If I had to choose one word to describe my childhood life, it would be unpredictable. Unpredictable because I never knew what or when something was going to happen. I never knew when my mother would take my standing up for myself as backtalk and slap me across the face. I never knew when my older brother Buddy would take his anger out on me with a punch to my stomach. I never knew when Daddy would explode.
One Saturday morning, when I was seven, my two brothers and Daddy were in the living room watching cartoons on television. Mom was in the kitchen doing breakfast dishes. I had the privilege of bringing Daddy a mug of coffee. But perhaps I had let the kettle whistle a little too long.
I carried his coffee through the dining room to his recliner, careful not to spill a drop. I arrived at his chair, proud not to have spilled any, and handed it to him. “Here’s your coffee, Daddy!” I said with a smile.
He took a sip and cried out. He threw the mug at me as he bellowed, “Are you trying to f#@king burn me?!” I screamed as the scalding coffee soaked through my cotton pajamas and onto my delicate skin. It was as if hot lava had been thrown at me.
My oldest brother, Paul, who was twelve years old at the time, flew off the couch. He whisked off my pajamas and underwear, scooped me into his arms, and rushed me to the bathroom. Kevin, who was nine, followed on his heels. Kevin remained silent, hovering in the doorway as Paul ran to the sink.
I jumped around in a panic. Tears streamed down my face as I inspected my scalded belly and thighs. I had never experienced such pain.
Paul turned on the cold-water faucet, then grabbed a bath towel from the back of the door. He soaked the towel and gently spread it over my belly and thighs. He tried to calm me down by saying over and over in a soothing voice, “You’re all right. You’re going to be all right.” The cold, wet towel against my skin felt like a cool breeze soothing a sunburn.
Mom rushed into the bathroom. “What’s going on?” she asked, visibly frightened.
“Daddy threw hot coffee at her,” Paul said as he again soaked the towel in cold water.
“Are you all right?” Mom asked me with alarm in her voice. I shook my head and started to cry again. She bolted from the bathroom.
“Are you f#@king insane?” she shouted at Daddy.
“She burned me!” Daddy said.
“Don’t you ever f#@king do that again! Do you hear me?”
“She’s fine,” he said.
Mom rushed into the bathroom and knelt in front of me. “Let me see,” she said gently. She pulled the towel away and examined my body. The pain had subsided a little, but I continued to cry. She threw her arms around me. I wrapped my arms around her neck and buried my face in her shoulder. “I’m so sorry, Sweetie,” she cried.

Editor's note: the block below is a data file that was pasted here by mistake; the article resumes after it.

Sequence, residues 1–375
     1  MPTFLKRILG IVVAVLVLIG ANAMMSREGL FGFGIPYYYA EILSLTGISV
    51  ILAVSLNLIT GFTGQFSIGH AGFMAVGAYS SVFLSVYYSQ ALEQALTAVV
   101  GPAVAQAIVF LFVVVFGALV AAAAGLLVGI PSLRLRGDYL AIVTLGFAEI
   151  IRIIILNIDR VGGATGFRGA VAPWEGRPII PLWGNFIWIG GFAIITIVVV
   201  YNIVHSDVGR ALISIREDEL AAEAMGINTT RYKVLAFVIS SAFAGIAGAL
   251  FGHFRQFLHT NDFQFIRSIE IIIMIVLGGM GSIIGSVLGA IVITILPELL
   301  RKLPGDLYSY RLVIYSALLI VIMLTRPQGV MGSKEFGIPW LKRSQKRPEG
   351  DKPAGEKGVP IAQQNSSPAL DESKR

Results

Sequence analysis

Paul hung the wet towel over the edge of the tub. He and Kevin returned to the living room. Mom retrieved antiseptic ointment from the medicine cabinet and smoothed some over my burned skin. “Let’s get you into clean underwear and a fresh nightgown.”
I cried out in pain as Mom pulled up my cotton briefs and rested the elastic waistband against my belly; she took them off. Even though the lightweight cotton cloth of my pink flowered nightgown was soft, it felt like glass-embedded sandpaper rubbing against my thighs and belly as I shuffled from the bedroom.
Mom led me into the living room. Kevin and Paul were on the couch. Daddy hadn’t moved from his recliner. Mom stood with me in front of Daddy.
“Your father has something he wants to say to you,” she said as she glared at him.
“I’m sorry, Pumpkin. You’re okay, aren’t you? You’re my big girl,” he said.
I knew he wanted me to say Yes. I nodded. He leaned forward and reached his arms toward me. I backed away.
“What? You’re not afraid of me, are you?” he laughed.
I stood there, frozen.
“Penelope Jane Marie you come here to me right now,” he ordered. I knew he was getting angry. Daddy always called me by my full nickname whenever he was dead serious. I inched my way toward him. He pulled me onto his lap and put his arm around me.
Mom returned to the kitchen. We sat in silence watching cartoons as if it were just another Saturday morning.
Although I shook with fear every time Daddy flew into one of his rages and spanked me (belt lashings would come a year later), I never doubted that he loved me. I was his Princess. But after he had thrown the coffee at me, things were never the same between us. Any trust I had that he would protect me was gone. I became guarded. My self-esteem plummeted as I decided that I must be a bad person for him to have done such a thing.
It has taken me a lifetime for me to believe that I am a person worthy of love. While other traumatic events I experienced during my childhood caused me to view myself as worthless and unlovable, there was something about that morning that left a permanent scar on my psyche.
Today, I know that his throwing coffee at me was not my fault. I was not a bad person. I had done nothing to deserve it. It was he – a man who expressed himself through violence – who was the transgressor.
Photo by Janko Ferlic on Unsplash